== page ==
Nearly pure quartz sands have become increasingly important for oil and gas production. Although used for hydraulic fracturing (“fracking”) since at least the 1950s, the advent of directional drilling and improvements in hydraulic fracturing techniques have led to widespread exploitation of quartz sands that have appropriate properties for use in hydraulic fracturing(“fracsands”). Such sands are present in the upper Miocene to Pliocene upper Bidahochi Formation of northeastern Arizona. Other sand deposits are present in the State, but are not as well suited for use in hydraulic fracturing. This report is a brief review of the distribution and character of sands in Arizona that may have properties appropriate for use in hydraulic fracturing.
The Bidahochi Formation in northeastern Arizona(Figures1, 2)consists of three members: (1) a lower playa and lacustrine facies of middle Miocene age (Dallegge et al., 2001,2003), (2) a middle member consisting of mafic lava, volcaniclastic sandstone,and tuff of upper Miocene age(Sutton, 1974; Hackman and Olson, 1977; Ulrich et al., 1984; Damon and Spencer, 2001), and (3) an upper member that consists of fluvial and eolian sand,silt, and clay of uppermost Miocene to Pliocene age (Repenning and Irwin,1954; Repenning et al., 1958;Love, 1989).Although the Bidahochi Formation has beensubdividedinto members, the members are facies with complex depositional relationships(e.g., Kierschand Keller, 1955;Dickinson, 2013). The lower and middle members are completely missing from southern and eastern areas where the upper member rests on Paleozoic and Mesozoic strata (Figure 2).
In the Sanders area the upper, dominantly fluvial member includes bentonite clay deposits(it is not entirely clear that assignment of Bidahochi Formation members is meaningful in this area). The bentonite clay deposits, consisting of calcium montmorillonite and known as the Cheto mine deposits,havebeen exploited fordesiccants, gellants, and acid-activated bentonites since 1924 (Kiersch and Keller, 1955;Eyde and Eyde, 1987). The overlying silts and sands of the upper Bidahochi Formation include sand deposits that contain 93-99% SiO2(Table 1),some of which contain a large fraction of sand in the-20 +40 mesh size that is generally preferred for frac sands (Tables 2-5). Furthermore, the deposits can be mined with a front-end loader, unlike other frac-sand deposits in Texas and elsewhere that must be mined and processed by blasting and crushing (Eyde and Eyde, 1987).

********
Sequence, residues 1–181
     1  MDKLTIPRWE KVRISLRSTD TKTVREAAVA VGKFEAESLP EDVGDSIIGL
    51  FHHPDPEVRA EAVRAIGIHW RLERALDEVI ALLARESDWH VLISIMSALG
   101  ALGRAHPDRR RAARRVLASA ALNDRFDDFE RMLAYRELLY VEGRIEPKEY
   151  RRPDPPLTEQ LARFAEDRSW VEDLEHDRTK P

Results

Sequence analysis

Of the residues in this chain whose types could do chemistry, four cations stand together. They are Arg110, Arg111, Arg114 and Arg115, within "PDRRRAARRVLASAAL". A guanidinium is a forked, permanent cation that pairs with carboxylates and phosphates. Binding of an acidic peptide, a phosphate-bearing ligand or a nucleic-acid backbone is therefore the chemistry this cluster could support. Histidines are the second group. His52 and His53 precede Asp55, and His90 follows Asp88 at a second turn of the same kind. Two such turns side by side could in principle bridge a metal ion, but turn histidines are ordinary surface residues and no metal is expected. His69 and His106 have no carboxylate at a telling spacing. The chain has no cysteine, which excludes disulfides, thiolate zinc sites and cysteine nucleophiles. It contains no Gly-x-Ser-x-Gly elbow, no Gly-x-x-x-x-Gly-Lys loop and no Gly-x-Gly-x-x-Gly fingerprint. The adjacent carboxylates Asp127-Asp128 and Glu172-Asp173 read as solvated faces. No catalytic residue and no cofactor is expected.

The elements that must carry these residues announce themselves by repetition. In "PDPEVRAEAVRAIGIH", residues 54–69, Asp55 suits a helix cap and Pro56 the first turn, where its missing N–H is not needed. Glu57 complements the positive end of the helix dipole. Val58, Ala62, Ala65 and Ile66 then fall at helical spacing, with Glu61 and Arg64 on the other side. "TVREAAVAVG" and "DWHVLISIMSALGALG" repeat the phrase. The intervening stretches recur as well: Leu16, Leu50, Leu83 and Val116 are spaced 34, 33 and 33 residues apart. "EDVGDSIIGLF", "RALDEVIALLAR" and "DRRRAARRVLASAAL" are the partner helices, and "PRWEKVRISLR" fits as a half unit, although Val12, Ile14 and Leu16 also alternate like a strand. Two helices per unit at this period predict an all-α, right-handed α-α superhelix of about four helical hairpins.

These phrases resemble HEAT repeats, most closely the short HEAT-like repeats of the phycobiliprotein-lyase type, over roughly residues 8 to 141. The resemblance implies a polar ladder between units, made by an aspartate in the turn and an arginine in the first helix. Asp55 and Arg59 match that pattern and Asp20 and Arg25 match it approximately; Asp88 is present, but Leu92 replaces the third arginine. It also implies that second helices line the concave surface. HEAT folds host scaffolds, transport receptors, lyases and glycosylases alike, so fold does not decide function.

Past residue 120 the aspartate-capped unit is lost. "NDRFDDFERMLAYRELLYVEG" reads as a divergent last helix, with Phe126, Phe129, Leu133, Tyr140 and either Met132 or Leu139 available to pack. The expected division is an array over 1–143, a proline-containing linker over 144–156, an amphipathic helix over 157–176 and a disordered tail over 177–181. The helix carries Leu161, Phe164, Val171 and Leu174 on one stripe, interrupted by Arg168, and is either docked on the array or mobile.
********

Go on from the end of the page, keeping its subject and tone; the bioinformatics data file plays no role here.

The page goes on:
The Preferred Sands plant and quarry (Figure 3) were active in 2015, with employment of 53 workers according to the U.S. Department of Labor (http://www.msha.gov/drs/drshome.htm). Employment reached 95 workers in2012 (actually “sum of average employment” based on hours worked as reported to the USDOL). The quarry operations are located largely at the site of the former Cheto bentonite quarries. Arizona Silica Sand Company was engaged in sand production at Houck through 2011according to the Arizona Mine Inspector’s annual report. However, the Houck silica sand plant and quarry (Figure 3) appeared from aerial imagery to be inactive, and a search of the U.S. Department of Labor web site yielded no information using the search terms “Arizona Silica”, “Houck Silica” and“Houck”.
Lower Colorado River Valley
Sand dunes are exposed over large areas in the Yuma Desert southeast of Yuma and at Cactus Plain southeast of Parker (Figure 1). In both areas sands deposited in the Colorado River Valley by the Colorado River have been displaced by winds and redeposited in sand dunes. Chemical analysis of dune sands from Cactus Plain near Parker and the Algodones Dunesin the Yuma desert near Yuma indicate silica content primarily in the 80-90% range, with none exceeding 90% (Zimbelman and Williams, 2002). Analyses of dune sands in the eastern Mojave Desert, west of the Colorado River, indicate silica content of consistently <80%, apparently because these sand deposits are upwind rather than downwind from quartz-rich sands delivered by the Colorado River (Zimbelman and Williams, 2002). Although Cactus Plain and the Algodones Dunes are both near railroad tracks and could be easily quarried, their physical properties are not appropriate for hydraulic fracturing sands because they contain too much feldspar and perhaps because of other factors such as small grain size.
The unusual purity of sand deposits in the upper Bidahochi Formation, containing little but quartz, and the adequate roundness and grain size, have made these deposits attractive for use in hydraulic fracturing. Other deposits in Arizona that could be economically quarried and processed have not been identified. Given the enormous aerial extent of the upper Bidahochi Formation, it seems likely that this area will continue to be exploited for frac sands as long as hydraulic fracturing remains a viable tool for oil and gas extraction.
Spencer, J.E., Niemuth, N.J. Silica-sand deposits in Arizona. http://repository.azgs.az.gov/uri_gin/azgs/dlio/1643